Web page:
Last but certainly not least, DarkSide bar’s nightly live jazz performances set the tone while avant-garde artwork and spinning hourglasses installations add to the atmosphere. The lounge lures tipplers with interesting cocktails (try The Yamen, with cognac, wax, raw honey, bee pollen, osmanthus flowers and frankincense), vintage spirits (like an 1863 single-harvest tawny port) and an extensive terrace where you can savor harbor views and cigars.
Within the first few moments of arriving at Rosewood Hong Kong, it becomes apparent that this hotel is a true patron of the arts. In the entrance courtyard, Three Piece Reclining Figure: Draped 1975, a sinuous bronze masterpiece by late British sculptor Henry Moore, explores the beauty of the human figure.
Inside, you’ll find colorful geometric canvases by American artist Joe Bradley; a landmark ink painting by Taiwan’s Liu Guosong; an emotive, life-sized elephant sculpture by contemporary Indian artist Bharti Kher; and a series of six Zodiac paintings by Britain’s Damien Hirst.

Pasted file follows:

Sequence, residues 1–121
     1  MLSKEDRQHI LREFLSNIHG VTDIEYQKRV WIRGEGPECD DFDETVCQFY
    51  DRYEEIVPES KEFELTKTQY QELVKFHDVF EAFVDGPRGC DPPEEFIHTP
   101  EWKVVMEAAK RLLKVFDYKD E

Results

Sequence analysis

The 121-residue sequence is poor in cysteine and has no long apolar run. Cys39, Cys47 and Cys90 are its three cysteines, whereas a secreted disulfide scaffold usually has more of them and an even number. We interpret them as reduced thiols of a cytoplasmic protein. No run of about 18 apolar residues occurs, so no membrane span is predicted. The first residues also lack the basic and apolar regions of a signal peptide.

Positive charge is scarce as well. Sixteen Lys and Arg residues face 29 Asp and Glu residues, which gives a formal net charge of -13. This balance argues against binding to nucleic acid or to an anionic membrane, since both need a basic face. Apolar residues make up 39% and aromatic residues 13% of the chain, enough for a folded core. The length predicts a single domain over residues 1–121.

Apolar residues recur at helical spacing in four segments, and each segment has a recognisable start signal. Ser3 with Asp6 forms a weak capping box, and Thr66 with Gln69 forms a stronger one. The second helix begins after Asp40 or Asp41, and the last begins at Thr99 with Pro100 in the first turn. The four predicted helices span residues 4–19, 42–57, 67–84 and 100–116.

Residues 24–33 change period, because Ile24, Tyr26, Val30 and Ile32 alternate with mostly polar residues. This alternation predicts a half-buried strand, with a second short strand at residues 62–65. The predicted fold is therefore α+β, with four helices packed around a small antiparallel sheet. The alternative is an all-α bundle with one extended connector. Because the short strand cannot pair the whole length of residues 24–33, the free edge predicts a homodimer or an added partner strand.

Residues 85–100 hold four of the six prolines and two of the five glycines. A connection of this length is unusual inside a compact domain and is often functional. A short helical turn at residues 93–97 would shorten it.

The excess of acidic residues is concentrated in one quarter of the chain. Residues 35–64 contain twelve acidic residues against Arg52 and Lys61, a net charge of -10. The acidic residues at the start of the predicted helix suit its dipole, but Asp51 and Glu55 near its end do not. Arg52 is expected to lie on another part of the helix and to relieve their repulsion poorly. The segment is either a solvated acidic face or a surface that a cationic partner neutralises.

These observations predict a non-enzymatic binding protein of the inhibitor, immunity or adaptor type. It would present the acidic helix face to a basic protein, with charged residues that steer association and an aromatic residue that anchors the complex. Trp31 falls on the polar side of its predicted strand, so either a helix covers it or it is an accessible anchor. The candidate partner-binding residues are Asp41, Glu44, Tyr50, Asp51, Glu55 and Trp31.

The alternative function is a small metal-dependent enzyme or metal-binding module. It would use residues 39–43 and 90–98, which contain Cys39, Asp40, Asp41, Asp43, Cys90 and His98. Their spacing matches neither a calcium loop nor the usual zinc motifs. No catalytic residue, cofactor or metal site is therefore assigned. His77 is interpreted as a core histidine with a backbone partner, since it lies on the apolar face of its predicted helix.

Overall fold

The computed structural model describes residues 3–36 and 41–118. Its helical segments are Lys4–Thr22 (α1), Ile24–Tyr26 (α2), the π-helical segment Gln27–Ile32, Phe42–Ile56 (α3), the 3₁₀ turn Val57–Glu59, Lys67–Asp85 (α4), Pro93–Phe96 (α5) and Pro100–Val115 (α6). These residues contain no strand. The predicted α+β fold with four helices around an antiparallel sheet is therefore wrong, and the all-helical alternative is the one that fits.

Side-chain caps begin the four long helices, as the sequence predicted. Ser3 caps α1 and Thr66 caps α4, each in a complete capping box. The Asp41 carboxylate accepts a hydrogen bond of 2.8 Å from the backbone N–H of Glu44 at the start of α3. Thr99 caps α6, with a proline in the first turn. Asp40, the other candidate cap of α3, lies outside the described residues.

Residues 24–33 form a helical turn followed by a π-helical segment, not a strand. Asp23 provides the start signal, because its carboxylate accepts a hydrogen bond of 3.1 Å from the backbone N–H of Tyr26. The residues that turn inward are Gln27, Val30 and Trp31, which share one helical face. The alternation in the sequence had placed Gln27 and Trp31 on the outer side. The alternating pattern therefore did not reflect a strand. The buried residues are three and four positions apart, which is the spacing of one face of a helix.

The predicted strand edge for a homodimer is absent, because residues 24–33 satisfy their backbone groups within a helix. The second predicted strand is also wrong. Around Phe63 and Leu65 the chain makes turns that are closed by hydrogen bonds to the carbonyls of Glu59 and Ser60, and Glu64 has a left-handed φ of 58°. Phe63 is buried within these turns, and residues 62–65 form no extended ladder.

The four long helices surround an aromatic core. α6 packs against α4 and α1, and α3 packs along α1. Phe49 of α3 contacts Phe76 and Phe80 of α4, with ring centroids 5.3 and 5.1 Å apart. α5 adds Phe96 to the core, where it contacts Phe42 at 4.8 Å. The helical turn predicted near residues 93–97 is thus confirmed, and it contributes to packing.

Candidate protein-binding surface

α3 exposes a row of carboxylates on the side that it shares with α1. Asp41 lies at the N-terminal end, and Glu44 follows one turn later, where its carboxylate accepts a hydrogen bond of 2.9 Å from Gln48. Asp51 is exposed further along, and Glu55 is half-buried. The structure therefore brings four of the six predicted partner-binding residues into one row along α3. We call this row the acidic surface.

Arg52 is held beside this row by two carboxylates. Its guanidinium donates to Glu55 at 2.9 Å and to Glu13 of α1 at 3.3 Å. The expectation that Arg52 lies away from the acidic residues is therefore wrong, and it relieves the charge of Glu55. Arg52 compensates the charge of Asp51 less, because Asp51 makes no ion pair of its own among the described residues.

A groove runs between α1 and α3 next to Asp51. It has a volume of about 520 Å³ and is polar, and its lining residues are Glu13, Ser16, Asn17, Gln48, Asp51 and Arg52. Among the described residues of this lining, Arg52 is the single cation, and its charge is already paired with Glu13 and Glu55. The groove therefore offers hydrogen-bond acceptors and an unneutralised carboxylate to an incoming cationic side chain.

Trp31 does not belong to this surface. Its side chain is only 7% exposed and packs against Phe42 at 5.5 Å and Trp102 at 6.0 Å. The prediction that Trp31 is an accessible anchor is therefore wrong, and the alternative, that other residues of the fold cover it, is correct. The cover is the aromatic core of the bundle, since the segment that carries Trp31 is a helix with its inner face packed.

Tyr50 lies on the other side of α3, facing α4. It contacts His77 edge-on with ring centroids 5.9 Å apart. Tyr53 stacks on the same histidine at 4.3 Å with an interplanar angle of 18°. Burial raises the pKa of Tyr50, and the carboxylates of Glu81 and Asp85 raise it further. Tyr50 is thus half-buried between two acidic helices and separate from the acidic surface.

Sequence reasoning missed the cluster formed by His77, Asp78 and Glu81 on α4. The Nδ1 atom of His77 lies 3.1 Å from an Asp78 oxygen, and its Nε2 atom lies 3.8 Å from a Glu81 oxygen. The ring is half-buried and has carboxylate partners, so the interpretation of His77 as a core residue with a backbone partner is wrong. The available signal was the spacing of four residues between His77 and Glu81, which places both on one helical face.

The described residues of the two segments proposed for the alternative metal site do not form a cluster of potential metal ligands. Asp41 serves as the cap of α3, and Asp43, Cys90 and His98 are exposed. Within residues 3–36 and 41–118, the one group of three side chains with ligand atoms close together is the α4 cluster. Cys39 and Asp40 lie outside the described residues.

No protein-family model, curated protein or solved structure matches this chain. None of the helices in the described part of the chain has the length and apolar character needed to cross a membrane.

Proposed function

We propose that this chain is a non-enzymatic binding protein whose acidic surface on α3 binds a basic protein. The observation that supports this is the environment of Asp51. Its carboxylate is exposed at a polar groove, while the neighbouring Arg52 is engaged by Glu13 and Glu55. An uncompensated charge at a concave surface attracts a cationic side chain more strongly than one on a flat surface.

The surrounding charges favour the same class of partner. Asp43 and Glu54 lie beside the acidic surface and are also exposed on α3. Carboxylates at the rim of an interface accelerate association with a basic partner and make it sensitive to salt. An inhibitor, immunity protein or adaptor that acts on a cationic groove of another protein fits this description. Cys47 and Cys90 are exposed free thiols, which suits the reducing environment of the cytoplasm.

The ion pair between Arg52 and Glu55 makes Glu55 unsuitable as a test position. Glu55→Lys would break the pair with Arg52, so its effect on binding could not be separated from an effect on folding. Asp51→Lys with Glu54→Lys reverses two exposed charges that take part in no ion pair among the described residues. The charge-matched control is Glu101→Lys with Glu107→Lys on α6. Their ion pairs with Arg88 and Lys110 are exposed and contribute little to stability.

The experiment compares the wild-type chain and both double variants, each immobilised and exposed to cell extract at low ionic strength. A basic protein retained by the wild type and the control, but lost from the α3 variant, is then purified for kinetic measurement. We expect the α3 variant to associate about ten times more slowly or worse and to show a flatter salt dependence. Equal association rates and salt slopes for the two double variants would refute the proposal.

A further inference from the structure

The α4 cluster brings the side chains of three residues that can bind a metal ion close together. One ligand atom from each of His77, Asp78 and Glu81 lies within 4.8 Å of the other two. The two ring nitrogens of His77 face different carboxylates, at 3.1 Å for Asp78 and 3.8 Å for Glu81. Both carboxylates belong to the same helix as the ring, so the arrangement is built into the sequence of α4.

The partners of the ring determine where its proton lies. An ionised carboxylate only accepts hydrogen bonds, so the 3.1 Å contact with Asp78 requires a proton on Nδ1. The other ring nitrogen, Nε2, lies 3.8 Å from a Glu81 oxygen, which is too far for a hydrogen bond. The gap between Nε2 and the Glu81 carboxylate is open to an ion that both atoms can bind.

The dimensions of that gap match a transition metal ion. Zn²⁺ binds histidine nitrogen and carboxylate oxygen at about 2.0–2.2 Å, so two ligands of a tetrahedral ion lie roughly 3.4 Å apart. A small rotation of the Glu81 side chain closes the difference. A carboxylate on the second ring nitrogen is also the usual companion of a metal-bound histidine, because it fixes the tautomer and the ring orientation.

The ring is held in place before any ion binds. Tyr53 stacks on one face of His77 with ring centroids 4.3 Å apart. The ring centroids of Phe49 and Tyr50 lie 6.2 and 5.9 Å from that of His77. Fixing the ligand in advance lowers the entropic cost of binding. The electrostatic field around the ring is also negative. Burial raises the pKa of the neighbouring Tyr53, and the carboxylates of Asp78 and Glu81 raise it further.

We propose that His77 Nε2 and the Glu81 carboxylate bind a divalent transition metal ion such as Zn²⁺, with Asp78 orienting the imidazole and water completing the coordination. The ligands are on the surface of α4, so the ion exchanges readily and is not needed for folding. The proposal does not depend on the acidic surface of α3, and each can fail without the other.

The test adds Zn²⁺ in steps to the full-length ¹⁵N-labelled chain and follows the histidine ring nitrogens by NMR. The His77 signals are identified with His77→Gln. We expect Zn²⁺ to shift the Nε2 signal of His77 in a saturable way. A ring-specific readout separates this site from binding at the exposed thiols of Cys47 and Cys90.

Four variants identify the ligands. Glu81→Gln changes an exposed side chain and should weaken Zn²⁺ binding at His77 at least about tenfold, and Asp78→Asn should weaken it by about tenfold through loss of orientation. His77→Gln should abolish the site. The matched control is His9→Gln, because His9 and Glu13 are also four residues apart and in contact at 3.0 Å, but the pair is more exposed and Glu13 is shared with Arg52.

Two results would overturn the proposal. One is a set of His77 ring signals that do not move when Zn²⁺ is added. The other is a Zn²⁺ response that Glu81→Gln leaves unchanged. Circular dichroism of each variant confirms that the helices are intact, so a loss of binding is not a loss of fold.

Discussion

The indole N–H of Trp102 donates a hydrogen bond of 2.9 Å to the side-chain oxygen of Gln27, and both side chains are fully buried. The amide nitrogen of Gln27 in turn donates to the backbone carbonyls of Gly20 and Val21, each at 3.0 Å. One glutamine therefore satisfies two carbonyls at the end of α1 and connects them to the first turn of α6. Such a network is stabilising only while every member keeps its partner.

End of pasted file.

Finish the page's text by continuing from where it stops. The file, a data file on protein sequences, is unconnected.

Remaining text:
Even in the rooms, there are tiny touches made especially for Rosewood Hong Kong. Notable works by creatives like local ink artist Wilson Shieh, Chinese contemporary sculptor Wang Keping and Brooklyn-based glass blower Lisa Stimpson line the walls, while desks are stocked with custom stationery designed by Chloe Ho and Yeachin Tsai. Look out for a specially crafted book (dubbed Whimsical Tales of Hong Kong) that features colorful Hong Kong city scenes by New York-based painter William Low.
The Infinity Pool
The upcoming spa and wellness concept — which will be the brand’s first urban location when it opens this fall — is destined to raise the bar. Meaning “setting an intention or hope” in Sanskrit, the 40,000-square-foot Asaya will take a holistic approach with treatments and practices for both the mind and body. Rounding out the services, there will be a dedicated Asaya Social Suite for larger groups and a refined nail salon.
In the meantime, find a sense of serenity at the striking infinity pool. Located on the sixth floor, this 25-meter-long beauty seems to spill into the harbor and, thanks to its eastern-facing position, provides an ideal spot for meditative mornings or tranquil sundowners.